City Hall to Sue NagaWorld Protesters for Property Damage, Insult

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A Phnom Penh district guard tries to pull part of a barricade away from a NagaWorld worker during the strike on August 11, 2022. (Hean Rangsey/VOD)

Phnom Penh City Hall said it will file a court complaint against protesting NagaWorld workers for allegedly damaging metal police barricades during a violent clash on Thursday, with workers hitting back that the police were the aggressors.

City Hall released a statement late Thursday night saying it was collecting evidence against NagaWorld workers, who were stopped at the intersection of Sothearos and Sihanouk boulevards, for damaging 20 barricades. The evidence would be sent to court, the statement added. 

“The authorities will file a complaint to the court and convict the perpetrators for all the public damage and violence against the authorities as well as insulting an official,” reads the statement. 

City Hall added that the small protests by the group were illegal and affected public security and were using social media posts to malign the authorities.

Keut Chhe, a Phnom Penh deputy governor, did not tell VOD when the city would file the complaint or any other details in the lawsuit. He asked reporters to refer to the statement.

Phnom Penh deputy governor Met Measpheakdey could not be reached for comment on Friday. 

Around 100 NagaWorld workers walked up Sothearos Boulevard on Thursday to resume their protests outside the NagaWorld casino, which fired more than 1,300 workers last year, triggering protests in December.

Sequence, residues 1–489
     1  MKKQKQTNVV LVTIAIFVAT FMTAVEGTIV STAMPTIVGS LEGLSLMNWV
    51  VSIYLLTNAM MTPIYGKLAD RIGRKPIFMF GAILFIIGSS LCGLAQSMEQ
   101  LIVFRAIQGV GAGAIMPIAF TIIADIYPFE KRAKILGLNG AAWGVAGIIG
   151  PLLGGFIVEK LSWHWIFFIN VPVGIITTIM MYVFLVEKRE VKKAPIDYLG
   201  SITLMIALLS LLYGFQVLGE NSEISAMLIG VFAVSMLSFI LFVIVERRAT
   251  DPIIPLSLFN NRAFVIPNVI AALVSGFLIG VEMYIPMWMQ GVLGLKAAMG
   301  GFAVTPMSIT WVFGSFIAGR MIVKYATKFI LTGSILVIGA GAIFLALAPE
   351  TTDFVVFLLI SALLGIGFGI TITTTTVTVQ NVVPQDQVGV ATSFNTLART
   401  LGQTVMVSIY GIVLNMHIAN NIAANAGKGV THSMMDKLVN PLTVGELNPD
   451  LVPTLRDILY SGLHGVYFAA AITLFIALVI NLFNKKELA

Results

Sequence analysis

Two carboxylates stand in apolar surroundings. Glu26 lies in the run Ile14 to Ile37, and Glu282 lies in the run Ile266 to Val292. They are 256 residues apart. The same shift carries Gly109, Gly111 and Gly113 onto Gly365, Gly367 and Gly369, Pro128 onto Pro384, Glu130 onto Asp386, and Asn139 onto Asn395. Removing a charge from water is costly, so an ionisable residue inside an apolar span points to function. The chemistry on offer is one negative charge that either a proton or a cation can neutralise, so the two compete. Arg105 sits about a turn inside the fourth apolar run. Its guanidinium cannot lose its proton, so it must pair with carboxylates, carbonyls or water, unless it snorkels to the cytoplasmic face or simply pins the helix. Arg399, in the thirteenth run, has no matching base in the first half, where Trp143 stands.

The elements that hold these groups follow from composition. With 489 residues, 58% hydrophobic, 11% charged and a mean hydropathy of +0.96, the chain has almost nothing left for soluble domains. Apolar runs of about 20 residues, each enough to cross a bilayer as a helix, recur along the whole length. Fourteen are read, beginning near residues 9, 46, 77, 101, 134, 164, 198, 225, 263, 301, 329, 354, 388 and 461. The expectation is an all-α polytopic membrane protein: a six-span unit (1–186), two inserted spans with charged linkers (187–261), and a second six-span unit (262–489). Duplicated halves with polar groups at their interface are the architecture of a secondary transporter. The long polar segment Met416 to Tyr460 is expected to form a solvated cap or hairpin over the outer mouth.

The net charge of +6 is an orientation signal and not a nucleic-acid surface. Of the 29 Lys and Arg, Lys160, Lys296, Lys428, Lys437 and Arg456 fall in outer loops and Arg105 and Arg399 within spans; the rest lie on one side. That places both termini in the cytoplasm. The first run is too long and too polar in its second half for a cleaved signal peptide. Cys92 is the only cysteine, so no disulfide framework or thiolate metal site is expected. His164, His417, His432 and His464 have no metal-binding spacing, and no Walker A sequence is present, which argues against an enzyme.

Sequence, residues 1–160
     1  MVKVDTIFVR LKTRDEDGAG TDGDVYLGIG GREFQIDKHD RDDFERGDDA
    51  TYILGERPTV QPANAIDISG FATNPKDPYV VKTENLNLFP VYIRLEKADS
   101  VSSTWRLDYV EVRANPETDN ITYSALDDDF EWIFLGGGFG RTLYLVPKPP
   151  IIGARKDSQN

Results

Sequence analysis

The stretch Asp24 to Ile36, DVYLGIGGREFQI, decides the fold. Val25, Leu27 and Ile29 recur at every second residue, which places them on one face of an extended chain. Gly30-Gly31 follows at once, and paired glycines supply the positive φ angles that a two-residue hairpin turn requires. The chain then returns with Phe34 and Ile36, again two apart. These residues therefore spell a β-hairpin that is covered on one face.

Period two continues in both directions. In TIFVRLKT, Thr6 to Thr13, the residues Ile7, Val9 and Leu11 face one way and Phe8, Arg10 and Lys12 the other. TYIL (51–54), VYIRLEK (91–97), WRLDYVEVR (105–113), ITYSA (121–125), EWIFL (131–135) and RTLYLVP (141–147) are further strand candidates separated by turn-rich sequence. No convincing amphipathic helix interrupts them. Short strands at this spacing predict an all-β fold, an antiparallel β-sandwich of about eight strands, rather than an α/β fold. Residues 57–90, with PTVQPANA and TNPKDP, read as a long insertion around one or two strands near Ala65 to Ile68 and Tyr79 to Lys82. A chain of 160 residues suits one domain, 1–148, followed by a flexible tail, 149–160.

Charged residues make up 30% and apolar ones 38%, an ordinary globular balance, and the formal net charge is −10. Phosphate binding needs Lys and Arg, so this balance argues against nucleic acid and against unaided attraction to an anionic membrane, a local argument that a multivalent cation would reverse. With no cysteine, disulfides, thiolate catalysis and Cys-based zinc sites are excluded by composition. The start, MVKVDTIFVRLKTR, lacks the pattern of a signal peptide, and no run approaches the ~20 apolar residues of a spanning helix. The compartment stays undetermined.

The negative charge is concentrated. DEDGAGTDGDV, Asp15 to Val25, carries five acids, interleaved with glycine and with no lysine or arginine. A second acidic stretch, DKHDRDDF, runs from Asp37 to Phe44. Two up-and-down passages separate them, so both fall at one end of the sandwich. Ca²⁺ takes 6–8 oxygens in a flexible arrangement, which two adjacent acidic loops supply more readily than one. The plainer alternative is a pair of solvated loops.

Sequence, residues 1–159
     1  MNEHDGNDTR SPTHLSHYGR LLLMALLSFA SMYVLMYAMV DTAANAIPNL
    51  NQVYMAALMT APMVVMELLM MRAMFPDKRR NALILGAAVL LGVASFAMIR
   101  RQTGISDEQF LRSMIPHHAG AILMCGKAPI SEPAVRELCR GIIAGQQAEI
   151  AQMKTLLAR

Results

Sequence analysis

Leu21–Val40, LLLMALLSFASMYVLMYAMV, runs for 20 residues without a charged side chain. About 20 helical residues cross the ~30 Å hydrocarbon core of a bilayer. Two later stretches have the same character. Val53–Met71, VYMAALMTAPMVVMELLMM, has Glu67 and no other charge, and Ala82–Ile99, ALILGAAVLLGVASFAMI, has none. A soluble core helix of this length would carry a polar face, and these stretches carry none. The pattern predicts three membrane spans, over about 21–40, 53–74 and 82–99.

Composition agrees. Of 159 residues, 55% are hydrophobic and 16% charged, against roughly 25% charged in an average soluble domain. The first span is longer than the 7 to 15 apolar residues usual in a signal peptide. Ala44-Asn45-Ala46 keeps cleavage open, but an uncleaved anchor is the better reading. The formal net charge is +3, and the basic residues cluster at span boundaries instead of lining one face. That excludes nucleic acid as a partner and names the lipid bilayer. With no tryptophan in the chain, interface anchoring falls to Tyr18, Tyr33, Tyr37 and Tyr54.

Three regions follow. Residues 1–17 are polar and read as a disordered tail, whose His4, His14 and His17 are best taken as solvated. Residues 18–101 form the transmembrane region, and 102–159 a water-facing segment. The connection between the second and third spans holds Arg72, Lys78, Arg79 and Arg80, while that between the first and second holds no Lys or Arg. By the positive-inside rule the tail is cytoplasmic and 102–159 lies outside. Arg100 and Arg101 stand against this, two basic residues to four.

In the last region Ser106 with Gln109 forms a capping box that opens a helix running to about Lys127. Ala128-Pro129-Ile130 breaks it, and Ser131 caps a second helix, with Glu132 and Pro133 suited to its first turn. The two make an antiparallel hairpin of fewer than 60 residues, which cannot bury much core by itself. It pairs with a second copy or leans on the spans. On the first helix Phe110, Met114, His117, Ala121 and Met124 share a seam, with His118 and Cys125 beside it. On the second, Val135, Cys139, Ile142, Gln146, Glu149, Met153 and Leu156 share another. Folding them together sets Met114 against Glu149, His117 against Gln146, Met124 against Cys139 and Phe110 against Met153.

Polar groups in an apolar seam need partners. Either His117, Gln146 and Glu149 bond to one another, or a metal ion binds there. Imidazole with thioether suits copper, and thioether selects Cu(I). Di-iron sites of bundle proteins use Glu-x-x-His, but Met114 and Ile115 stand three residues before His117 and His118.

Workers at one point tried to remove the barricades to proceed to the casino only to be blocked by dozens of security personnel. A violent scuffle ensued resulting in injured workers, one of who had a bloody nose.

Rights groups Licadho said the worker was punched in the face, left briefly unconscious and had a gash on her nose. The NGO said police were “violently hitting, kicking, stomping on and shoving back” protestors on Thursday.

A NagaWorld worker with a bleeding nose after the protest turned violent on August 11, 2022. (Hean Rangsey/VO)
A NagaWorld worker with a bleeding nose after the protest turned violent on August 11, 2022. (Hean Rangsey/VO)

Protests have gotten violent over the past few months, starting with a late-night crackdown on strikers on New Year’s Eve. Both protesters and police have accused each other of being instigators of the violence.

Chhim Sithar, the president of the Labor Rights Supported Union at NagaWorld, said it was not surprising because the authorities had already filed complaints against union leaders and members earlier this year.

“I am very regretful for the government. And Phnom Penh City Hall always sends the authorities without proper uniforms to use violence against the strikers, but then turns to file a complaint against the victim,” she said. 

Sithar and seven union colleagues were arrested earlier this year on incitement charges and three others were charged with violating the Covid-19 law. All are out on bail.

NagaWorld workers returned to their protest on Friday and were stopped again by police at the same place. Workers again tried to move the barricades but were stopped by police, this time without a violent clash.

Chan Bora, one of the workers, said the people and media knew the truth and could decide for themselves who was violent. 

“People can distinguish what is black and what is white,” Bora said. “They protect NagaWorld and file a complaint against us.”

The protests ended peacefully on Friday, with workers leaving around 5:30 p.m.

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